The hydrolysis of single-stranded DNA catalyzed by wild-type staphylococcal nuclease (SNase) and two mutants has been studied as a function of both pH and solvent viscosity. The kcat for wild-type SNase increases with pH; the slope of the plot of log kcat vs pH = 0.45 ± 0.01. The dependence of kcat/Km on pH for wild-type SNase is biphasic with a break at pH ~8: for pH ≤8, the plot of log kcat vs pH is linear with a slope = 1.20 ± 0.06; for pH ≥8, the slope = 0.00 ± 0.04. The dependencies of both kcat and kcat/Km on solvent viscosity are also pH-dependent: below pH 7.3, both kinetic parameters are independent of solvent viscosity; above pH 7.3, both are inversely proportional to solvent viscosity. Thus, at pH 9.5, where SNase is routinely assayed, the rate-determining steps for both kcat and kcat/Km are external steps (product dissociation for kcat and substrate binding for kcat/Km) and not an internal step (e.g., hydrolysis of the phosphodiester bond). We have also studied the E43D mutant in which the putative active-site general basic catalyst Glu-43 is replaced with Asp. From pH 7.5 to pH 9.5, both log kcat and log (kcat/Km) are directly proportional to pH (slopes = 1.01 ± 0.03 and 0.95 ± 0.04, respectively) and independent of solvent viscosity. At pH 9.5, the rate-determining step is an internal step. Since the rate-determining steps differ at pH values ≥7.5, we conclude that comparisons of the numerical values of the kinetic parameters of active-site mutants of SNase with those of wild-type SNase are mechanistically uninformative at pH values where the kcats are maximal. We have begun to localize the structural elements responsible for the slow external step (product dissociation) in the kcat for wild-type SNase by characterizing a mutant (βVN ΔSNase) in which residues 44–49 of the Ω-loop (residues 43–52) have been deleted to generate a new solvent-exposed β-turn; in addition, Gly-50 and Val-51 have been replaced with Val and Asn, respectively. From pH 7 to pH 10, both log kcat and log (kM/Km) are directly proportional to pH (slopes = 0.91 ± 0.02 and 0.78 ± 0.02, respectively) and independent of solvent viscosity, even though the kcat of this mutant approaches that of wild-type SNase at the highest pH values. This behavior suggests that residues in the Ω-loop may be responsible for the rate-determining external step that characterizes the kcat of wild-type SNase at high pH. The dependencies of kcat on pH for both wild-type SNase and βVN ΔSNase suggest that the hydrolysis reaction is not general base catalyzed by Glu-43.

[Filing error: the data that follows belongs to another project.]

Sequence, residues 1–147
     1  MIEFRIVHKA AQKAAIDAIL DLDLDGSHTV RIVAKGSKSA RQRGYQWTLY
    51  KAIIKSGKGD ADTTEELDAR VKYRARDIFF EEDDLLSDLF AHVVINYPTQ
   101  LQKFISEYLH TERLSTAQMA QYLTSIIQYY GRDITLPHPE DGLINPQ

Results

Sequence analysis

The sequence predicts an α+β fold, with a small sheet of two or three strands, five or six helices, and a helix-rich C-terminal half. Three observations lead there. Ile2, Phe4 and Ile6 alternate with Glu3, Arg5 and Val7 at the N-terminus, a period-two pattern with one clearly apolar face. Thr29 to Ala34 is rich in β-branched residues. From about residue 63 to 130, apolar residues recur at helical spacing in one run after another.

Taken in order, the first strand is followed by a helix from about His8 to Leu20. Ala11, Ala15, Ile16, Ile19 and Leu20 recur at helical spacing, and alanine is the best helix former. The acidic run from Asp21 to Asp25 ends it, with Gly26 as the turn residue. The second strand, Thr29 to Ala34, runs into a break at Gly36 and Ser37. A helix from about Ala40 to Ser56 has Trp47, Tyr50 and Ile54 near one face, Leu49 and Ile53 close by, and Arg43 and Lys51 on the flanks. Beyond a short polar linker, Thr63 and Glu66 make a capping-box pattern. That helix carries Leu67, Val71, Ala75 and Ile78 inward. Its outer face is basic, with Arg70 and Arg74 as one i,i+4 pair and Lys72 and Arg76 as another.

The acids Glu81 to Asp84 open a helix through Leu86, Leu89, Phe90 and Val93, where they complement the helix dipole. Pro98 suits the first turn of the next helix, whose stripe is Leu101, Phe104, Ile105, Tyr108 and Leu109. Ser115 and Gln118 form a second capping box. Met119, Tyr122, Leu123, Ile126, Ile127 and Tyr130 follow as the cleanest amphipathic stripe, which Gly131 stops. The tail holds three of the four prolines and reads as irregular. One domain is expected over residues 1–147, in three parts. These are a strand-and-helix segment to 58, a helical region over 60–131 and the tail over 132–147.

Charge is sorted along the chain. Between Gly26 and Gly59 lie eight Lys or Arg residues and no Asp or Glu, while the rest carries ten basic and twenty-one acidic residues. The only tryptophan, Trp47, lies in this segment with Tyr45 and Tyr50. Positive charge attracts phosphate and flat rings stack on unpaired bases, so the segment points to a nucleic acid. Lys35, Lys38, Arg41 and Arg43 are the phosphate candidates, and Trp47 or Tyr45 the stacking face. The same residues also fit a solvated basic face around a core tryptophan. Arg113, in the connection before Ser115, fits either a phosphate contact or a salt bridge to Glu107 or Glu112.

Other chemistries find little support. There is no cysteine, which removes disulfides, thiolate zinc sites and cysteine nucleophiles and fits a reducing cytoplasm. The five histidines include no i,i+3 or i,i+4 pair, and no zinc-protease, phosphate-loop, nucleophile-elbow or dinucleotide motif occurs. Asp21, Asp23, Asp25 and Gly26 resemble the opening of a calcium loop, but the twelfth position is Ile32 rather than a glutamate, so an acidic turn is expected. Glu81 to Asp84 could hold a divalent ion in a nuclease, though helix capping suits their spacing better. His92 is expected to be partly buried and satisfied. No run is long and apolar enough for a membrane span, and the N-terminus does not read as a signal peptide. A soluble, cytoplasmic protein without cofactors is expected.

ASJC Scopus subject areas